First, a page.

Monday, November 3, 2014
"Are you home, or downtown?" Home, I replied. "Oh. Well, you shouldn't go downtown today. One of the guards at the Cenotaph has been shot." And my immediate thought was one I come back to, after all this.
That poor son of a bitch.
If you live in Ottawa, you know that guarding the National War Memorial is a ceremonial post. One that wasn't even necessary until one Canada Day a few years ago, when some obviously well-educated drunk was observed urinating on it by a veteran. Uniformed guards have been on site ever since. And though the post is ceremonial, it's of such high profile that I can only assume those assigned to be the finest representatives of their ranks, and that they hold the post with immense pride.
With this happening only days after a fatal vehicular attack on Warrant Officer Patrice Vincent in Quebec, it was immediately easy to guess that this guard had been targeted for a similar reason... for the wearing of a Canadian soldier's uniform.
Thus Corporal Nathan Cirillo was fatally shot while standing honour guard over the National War Memorial. Shot in the back, while bearing an empty rifle. As you know, much happened in the immediate aftermath, leading to vigorous national debate over who did it, why, and what should be done about it.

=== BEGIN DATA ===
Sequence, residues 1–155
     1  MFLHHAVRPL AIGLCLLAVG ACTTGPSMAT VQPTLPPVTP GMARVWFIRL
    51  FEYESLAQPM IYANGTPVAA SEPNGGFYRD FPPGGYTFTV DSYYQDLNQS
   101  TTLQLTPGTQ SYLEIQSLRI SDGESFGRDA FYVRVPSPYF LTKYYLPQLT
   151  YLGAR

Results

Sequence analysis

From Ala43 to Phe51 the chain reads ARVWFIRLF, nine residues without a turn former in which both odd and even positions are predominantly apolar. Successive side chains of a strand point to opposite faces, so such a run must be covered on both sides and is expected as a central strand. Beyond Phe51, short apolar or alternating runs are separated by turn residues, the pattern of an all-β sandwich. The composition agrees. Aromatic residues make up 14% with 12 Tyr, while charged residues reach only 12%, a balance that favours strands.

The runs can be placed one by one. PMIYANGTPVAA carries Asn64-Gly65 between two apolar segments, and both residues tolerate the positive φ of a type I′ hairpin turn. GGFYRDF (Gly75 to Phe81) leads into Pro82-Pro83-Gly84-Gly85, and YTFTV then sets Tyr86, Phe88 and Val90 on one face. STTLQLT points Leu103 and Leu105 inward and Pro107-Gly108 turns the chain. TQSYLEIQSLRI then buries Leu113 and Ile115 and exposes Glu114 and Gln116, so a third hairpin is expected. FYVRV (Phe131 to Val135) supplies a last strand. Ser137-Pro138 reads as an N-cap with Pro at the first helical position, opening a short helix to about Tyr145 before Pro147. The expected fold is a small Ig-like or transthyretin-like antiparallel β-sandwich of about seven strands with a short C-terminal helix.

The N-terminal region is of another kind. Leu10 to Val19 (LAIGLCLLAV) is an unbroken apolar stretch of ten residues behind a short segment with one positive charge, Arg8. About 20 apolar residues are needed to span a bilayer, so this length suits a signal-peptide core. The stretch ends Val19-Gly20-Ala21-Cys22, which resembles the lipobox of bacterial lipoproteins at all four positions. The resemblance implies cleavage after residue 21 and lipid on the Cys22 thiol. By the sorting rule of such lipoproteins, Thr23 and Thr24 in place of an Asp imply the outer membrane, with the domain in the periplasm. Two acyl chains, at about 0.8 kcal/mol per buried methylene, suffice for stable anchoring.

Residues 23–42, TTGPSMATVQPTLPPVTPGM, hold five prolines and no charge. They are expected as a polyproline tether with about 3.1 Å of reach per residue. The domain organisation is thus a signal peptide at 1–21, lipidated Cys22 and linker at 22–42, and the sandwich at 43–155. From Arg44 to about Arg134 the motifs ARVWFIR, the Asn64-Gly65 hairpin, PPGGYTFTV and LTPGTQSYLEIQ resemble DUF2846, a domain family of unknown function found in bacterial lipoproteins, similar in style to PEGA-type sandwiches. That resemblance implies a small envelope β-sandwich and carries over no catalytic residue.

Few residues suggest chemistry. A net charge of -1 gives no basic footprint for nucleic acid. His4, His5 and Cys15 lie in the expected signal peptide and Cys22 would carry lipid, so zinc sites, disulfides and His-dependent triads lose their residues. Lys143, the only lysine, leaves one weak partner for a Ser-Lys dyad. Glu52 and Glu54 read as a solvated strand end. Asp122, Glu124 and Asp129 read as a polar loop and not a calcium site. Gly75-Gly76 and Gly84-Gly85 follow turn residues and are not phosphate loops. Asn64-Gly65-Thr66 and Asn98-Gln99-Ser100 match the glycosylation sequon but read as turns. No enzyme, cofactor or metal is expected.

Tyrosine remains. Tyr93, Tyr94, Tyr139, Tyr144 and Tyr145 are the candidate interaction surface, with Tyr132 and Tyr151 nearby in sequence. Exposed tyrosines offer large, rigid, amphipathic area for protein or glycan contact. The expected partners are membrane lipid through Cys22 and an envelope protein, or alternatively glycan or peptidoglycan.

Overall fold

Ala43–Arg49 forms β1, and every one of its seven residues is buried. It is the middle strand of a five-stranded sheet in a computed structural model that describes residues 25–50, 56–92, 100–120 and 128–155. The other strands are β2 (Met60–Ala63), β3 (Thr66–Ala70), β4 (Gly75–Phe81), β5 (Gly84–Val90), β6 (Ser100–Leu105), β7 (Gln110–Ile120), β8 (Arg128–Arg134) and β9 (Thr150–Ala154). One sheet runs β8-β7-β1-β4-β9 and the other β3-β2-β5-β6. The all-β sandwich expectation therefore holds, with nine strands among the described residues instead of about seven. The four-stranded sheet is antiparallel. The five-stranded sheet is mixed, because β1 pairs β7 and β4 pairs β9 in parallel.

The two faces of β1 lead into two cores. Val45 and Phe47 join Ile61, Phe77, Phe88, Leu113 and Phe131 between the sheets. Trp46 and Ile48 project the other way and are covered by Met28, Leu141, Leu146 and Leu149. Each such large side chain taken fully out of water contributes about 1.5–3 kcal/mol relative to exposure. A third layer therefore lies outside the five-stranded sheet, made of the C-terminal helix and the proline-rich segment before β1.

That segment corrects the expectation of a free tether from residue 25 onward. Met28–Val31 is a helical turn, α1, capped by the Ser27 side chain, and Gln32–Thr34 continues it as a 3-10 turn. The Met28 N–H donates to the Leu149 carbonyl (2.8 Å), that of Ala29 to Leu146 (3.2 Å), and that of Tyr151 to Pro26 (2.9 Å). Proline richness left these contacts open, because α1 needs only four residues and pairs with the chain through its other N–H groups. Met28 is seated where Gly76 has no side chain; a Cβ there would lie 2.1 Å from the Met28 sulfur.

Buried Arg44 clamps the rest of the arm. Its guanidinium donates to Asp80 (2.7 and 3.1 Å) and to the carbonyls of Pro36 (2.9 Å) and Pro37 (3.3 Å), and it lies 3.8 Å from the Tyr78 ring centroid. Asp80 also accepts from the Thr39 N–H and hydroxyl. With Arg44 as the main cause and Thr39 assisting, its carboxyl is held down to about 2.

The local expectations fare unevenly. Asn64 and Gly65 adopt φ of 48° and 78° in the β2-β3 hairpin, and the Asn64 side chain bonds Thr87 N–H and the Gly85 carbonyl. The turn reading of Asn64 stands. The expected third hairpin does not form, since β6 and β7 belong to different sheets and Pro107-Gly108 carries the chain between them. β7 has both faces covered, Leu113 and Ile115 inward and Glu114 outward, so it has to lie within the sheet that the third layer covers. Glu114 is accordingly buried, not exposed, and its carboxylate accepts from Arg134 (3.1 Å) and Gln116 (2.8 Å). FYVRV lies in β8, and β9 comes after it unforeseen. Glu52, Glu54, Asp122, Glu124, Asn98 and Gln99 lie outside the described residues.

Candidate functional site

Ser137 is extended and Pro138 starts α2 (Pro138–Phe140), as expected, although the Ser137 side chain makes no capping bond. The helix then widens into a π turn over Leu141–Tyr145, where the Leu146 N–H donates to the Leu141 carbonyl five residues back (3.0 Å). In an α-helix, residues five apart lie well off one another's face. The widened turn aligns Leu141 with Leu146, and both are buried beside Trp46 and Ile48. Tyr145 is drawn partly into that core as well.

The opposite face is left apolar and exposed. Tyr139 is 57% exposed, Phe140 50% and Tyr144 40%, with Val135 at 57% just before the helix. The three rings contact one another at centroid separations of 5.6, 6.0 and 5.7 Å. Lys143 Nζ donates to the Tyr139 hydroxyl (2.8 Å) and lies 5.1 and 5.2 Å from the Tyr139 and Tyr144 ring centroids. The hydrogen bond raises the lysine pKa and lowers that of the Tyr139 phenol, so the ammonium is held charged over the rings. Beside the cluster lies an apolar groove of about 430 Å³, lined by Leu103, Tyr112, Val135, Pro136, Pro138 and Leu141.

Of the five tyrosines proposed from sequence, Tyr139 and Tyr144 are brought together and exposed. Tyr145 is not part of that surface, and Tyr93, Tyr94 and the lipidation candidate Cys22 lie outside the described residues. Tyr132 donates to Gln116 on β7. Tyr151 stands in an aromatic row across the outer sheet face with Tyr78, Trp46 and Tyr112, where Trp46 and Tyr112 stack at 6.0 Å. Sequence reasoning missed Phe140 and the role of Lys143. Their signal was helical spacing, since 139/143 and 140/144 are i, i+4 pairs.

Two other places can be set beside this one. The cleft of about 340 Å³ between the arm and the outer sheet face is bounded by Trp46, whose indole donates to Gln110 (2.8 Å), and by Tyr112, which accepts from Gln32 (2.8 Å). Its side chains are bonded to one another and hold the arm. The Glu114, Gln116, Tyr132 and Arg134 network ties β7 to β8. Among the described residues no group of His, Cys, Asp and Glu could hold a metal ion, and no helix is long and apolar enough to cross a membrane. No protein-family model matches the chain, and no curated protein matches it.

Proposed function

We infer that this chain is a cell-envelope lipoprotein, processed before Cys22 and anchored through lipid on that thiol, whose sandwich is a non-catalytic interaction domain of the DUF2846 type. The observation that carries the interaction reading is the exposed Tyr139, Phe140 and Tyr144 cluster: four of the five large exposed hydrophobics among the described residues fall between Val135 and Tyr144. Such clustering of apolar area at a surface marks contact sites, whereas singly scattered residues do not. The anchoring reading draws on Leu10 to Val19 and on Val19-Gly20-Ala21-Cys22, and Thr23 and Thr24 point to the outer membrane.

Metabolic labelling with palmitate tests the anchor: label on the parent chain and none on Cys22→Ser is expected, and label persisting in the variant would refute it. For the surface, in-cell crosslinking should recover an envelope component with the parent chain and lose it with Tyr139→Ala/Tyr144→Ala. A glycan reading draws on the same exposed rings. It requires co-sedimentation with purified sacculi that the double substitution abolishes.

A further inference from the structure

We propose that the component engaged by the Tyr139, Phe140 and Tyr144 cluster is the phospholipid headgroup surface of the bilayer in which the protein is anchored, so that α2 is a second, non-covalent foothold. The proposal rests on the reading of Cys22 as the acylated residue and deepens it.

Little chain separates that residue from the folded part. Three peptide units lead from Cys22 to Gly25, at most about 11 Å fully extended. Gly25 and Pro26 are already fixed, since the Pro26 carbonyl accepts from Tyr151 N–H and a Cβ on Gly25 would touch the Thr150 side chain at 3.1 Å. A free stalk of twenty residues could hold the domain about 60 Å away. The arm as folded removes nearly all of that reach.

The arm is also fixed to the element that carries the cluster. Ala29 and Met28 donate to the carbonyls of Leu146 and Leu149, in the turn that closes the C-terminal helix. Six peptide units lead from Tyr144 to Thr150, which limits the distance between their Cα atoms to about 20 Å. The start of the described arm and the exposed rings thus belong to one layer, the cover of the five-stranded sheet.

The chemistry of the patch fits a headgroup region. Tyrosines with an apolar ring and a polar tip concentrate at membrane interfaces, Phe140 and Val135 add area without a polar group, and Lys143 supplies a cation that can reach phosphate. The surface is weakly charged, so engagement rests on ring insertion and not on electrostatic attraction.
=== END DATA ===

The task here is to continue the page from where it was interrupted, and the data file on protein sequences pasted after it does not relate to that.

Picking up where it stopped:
I'll leave that for others. I'm here for the poor guy.
I have no idea who he really was, how he felt, what he wanted. Seemed like a nice enough fella, posing for pictures with tourists only minutes before. It was a clear morning, and I'm guessing he would have been looking into the sun when it happened. I know he died in agony, because he was a single father with a five year old boy, and god knows that's the only thing I'd care about had I been him. But take another look at the photo of Corporal Cirillo above, which I understand to have been taken within the hour of his death.
That's a proud son, doing his job. Showing up, looking right, giving a damn about what he's been assigned to do. It was probably not difficult, might not be the most glamorous assignment, might even have been a little boring... but regardless, that's a guy who believes in it. And he was killed for wearing a uniform, the notion of which rankles me. I have no immediate connection to the forces, and no one should think I have to. But that uniform represents me. As do the uniforms of police, firefighters, anyone who wears a uniform in service of the public. That uniform is the will of a community rendered in fabric.
So when anyone attacks that uniform, he's attacking me. And my family, my friends, and my son. Corporal Nathan Cirillo knew this, and that's why he would don that uniform and go stand next to a giant block of granite on a cold morning. And all I can do is thank him for coming in to work that day.
People want to debate whether he's a "hero", but I believe it doesn't really matter. And I know that at first, I thought of him as that poor son of a bitch, in the wrong place at the wrong time... but I was wrong. Sportsmen and fans idealize the notion of a player going out on top, leaving the game after a big win, stepping away before someone else tells him to.